The current flow of society shifts towards the cyber society has shifted to a public, paranoid mood with the expansion of the internet, growing threats to the US, and improper use of checks and balances. The current culture has led the US to become a near totalitarian cyber state. Through The Guardian and Edward Snowden’s revelations of this and exposition of mountains of data collected and distributed among public and private organizations. The notion of privacy or our ability to keep computer information private is a thing of the past. Gibson’s Pattern Recognition paints a consistent picture incorporating government and private corporations’ (like Google) involvement with surveillance and data mining combined with the political motivations and some of the revelations learned in Snowden’s leak of the NSA. Obviously one account of something doesn’t make claims or conspiracies true so the more evidence of such datavalence is encouraging towards its validity. All artifacts tell the political story of the current climate, this technology boom is no different, and the internet and social media’s ability to connect and share/access instantly does benefit consumers. Likely its original intention, but it has been altered to fit the authoritative needs to regulate the wave of societal involvement with the internet in this new cyber state.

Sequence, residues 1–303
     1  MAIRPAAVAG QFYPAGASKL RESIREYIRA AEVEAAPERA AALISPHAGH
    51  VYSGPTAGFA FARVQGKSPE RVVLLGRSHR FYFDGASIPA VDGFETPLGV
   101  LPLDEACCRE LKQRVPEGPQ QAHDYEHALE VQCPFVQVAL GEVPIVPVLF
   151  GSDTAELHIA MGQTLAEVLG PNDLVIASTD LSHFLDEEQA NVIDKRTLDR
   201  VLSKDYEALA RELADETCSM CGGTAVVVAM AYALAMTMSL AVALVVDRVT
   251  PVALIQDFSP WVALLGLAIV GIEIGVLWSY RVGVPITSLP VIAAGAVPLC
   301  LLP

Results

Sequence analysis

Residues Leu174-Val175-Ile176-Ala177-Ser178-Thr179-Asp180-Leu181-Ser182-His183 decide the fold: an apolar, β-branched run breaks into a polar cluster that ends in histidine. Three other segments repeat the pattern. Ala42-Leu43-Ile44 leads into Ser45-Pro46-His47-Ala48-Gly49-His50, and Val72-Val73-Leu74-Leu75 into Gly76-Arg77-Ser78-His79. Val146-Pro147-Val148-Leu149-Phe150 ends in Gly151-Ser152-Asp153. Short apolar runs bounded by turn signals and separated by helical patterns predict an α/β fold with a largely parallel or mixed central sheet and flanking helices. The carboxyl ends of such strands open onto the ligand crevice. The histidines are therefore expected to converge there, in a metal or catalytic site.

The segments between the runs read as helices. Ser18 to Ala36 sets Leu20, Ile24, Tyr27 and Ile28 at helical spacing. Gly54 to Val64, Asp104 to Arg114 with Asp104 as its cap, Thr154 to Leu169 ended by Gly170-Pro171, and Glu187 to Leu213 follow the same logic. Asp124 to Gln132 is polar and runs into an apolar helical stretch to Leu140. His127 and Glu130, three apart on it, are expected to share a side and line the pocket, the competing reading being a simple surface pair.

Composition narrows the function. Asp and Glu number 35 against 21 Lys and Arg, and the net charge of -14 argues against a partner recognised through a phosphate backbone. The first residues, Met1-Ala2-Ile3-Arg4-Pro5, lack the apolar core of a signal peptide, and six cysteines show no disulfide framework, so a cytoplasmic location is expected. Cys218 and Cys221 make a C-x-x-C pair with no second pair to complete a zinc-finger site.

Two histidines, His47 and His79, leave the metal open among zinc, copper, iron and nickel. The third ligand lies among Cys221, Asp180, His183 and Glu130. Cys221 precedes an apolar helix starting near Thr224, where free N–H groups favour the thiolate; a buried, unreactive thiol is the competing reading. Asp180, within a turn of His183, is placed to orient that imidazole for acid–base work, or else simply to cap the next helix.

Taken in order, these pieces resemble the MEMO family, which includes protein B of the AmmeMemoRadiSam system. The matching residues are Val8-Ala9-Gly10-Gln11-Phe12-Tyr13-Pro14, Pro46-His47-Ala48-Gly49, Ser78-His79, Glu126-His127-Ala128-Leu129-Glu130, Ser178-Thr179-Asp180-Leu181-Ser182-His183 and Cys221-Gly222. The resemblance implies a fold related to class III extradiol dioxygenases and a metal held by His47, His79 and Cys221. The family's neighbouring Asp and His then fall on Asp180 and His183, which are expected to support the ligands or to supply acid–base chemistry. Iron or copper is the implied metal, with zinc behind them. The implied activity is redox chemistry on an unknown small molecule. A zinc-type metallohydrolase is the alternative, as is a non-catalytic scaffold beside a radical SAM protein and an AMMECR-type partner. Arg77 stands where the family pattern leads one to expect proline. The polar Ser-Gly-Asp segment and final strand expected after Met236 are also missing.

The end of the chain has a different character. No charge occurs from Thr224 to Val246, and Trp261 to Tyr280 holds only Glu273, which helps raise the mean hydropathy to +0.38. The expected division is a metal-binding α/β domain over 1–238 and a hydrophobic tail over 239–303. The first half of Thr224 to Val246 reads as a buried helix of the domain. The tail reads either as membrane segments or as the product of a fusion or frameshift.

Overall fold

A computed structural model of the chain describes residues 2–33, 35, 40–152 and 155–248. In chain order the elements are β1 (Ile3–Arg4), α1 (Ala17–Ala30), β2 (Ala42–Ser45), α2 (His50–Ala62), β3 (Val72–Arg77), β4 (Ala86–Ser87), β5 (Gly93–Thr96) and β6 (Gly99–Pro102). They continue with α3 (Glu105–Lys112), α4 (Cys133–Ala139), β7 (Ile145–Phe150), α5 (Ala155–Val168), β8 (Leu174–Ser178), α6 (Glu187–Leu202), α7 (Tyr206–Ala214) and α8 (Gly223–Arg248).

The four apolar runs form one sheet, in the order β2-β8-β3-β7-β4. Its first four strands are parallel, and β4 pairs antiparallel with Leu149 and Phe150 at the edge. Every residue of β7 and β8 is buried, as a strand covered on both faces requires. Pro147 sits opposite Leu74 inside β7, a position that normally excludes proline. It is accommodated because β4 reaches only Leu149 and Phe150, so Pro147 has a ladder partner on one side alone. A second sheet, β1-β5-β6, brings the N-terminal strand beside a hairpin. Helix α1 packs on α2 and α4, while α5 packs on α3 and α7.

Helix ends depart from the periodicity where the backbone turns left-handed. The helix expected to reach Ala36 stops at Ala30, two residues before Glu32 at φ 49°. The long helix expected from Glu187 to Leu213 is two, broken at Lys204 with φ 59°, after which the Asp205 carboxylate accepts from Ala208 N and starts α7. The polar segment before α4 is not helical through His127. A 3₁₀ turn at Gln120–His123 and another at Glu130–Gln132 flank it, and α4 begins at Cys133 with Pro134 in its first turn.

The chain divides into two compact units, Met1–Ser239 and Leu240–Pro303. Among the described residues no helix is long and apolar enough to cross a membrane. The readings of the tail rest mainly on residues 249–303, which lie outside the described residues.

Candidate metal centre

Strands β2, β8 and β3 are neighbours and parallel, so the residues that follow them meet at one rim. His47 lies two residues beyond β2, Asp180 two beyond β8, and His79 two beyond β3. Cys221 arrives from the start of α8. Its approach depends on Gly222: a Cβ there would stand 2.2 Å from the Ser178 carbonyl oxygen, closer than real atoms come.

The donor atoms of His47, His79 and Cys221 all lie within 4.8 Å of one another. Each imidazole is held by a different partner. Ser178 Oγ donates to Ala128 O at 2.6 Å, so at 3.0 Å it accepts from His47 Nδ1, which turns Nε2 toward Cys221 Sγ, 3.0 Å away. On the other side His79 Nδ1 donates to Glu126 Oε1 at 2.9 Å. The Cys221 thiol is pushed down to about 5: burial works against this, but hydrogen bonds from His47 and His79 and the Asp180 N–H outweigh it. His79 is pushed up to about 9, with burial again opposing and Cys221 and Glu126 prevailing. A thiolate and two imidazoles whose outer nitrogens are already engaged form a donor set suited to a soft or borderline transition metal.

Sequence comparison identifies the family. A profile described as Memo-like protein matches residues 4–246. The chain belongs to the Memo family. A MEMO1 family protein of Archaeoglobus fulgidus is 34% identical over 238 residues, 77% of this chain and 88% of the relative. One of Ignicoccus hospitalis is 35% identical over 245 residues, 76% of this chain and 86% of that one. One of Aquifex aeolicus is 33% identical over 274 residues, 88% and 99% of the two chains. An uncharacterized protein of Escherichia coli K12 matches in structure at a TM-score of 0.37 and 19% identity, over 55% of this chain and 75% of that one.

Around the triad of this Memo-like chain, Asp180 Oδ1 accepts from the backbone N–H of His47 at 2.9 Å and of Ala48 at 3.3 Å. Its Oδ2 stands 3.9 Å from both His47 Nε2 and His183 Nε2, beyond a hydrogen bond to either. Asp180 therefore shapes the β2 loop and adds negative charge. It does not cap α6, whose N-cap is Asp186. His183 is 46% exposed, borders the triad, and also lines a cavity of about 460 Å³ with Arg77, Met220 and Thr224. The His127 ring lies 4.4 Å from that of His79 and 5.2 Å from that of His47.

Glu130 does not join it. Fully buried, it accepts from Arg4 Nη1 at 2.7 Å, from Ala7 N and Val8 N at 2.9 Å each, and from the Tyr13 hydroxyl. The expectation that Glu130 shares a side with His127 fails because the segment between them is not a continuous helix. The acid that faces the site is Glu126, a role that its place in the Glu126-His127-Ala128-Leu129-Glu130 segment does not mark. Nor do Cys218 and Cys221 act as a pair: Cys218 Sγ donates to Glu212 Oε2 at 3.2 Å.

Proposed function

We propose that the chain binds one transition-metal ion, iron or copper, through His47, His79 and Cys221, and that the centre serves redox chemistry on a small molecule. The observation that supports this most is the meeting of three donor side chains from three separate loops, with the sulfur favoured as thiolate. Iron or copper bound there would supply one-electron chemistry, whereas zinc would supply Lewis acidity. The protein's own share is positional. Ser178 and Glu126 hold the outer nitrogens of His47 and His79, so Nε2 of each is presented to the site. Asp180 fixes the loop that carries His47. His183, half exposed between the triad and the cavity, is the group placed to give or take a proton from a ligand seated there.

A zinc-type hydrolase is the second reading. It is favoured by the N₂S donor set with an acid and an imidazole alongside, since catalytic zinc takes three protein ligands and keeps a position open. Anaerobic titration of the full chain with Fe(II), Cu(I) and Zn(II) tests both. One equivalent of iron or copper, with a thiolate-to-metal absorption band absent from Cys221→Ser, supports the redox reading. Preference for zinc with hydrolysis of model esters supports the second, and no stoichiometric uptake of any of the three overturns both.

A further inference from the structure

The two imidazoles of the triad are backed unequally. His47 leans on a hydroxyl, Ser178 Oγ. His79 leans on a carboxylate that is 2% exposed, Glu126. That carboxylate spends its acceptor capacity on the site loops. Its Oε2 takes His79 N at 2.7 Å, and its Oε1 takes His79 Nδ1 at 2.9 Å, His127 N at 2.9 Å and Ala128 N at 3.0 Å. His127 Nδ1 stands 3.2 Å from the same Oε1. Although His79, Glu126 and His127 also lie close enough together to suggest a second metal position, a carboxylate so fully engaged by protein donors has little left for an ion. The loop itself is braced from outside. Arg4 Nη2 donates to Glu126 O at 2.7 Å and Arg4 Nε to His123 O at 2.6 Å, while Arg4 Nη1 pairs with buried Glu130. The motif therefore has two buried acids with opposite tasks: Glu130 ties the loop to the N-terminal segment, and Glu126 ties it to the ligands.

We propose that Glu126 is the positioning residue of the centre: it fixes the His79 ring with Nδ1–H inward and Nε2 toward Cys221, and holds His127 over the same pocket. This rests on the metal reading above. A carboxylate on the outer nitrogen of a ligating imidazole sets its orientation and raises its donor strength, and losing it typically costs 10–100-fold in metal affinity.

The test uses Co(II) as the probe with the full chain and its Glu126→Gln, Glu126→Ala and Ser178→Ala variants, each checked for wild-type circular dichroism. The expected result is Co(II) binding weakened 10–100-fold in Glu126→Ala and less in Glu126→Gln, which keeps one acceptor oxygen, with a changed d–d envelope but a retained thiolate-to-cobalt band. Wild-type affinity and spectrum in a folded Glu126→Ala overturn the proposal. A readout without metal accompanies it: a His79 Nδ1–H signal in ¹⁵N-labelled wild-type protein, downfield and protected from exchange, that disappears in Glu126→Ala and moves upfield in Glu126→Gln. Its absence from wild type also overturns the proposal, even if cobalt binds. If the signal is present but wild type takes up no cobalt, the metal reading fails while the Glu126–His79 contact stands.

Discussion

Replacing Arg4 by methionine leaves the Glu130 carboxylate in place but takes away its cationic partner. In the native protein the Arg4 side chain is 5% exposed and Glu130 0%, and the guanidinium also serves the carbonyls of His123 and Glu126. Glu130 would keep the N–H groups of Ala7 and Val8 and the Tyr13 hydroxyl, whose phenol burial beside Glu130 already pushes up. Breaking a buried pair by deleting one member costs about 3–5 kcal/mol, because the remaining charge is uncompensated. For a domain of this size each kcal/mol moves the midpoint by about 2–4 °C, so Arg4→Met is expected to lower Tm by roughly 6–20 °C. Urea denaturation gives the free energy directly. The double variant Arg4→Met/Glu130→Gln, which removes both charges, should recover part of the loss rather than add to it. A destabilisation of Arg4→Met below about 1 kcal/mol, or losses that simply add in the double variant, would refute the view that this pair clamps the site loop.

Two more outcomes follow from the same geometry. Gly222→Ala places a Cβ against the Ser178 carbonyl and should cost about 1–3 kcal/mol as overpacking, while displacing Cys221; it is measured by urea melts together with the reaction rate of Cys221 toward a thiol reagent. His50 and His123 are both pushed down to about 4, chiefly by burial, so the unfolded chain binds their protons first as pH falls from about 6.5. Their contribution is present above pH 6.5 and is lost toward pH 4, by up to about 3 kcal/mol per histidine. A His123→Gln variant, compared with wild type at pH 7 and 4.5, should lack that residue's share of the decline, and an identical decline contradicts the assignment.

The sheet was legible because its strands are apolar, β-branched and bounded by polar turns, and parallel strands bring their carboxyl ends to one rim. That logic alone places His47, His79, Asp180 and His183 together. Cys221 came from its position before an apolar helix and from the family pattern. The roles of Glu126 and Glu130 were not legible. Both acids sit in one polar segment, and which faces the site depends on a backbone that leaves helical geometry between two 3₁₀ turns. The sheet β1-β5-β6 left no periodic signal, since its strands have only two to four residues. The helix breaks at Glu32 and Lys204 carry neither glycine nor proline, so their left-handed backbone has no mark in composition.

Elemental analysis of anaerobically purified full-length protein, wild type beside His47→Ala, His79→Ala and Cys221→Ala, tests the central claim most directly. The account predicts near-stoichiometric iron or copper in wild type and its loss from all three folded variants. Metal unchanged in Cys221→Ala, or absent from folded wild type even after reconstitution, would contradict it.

Cayce delivers an inspiring story for those who are terrified by the NSA, government surveillance, or diminishing privacy in Gibson’s Pattern Recognition. The story centers on her pursuit of these untraceable video leakers but it obviously turns out to be more deep and centered around her and her past. Much like another actual United States reporter mentioned later, Cayce must travel around the world in her search of these leakers and as a result she comes up in other countries datavalence. Snooping around in other countries problems usually results in some trouble, coupled with the fact that every agency and major telecom or internet company is already watching her with vested interests. The black veil that the CIA, Bigend, Blue Ant, and other various foreign government agencies cast over their cyber defense and surveillance teams eerily resembles the actual practices of their nonfictional counterparts.
This consistency in stories about datavalence with private companies and government agencies alike paints a clear image of this fact of life, anything on your computer is public. The more digging that is done into these operations, the more dirt that is revealed. Gibson describes a world very similar to ours, he undoubtedly based these practices off of the current trends of the government and private companies. This darkness he creates over the datavalence game, created a sub culture of paranoia, deceit, secret trading, and wide scale stalking that seemed to go unnoticed in the real world too.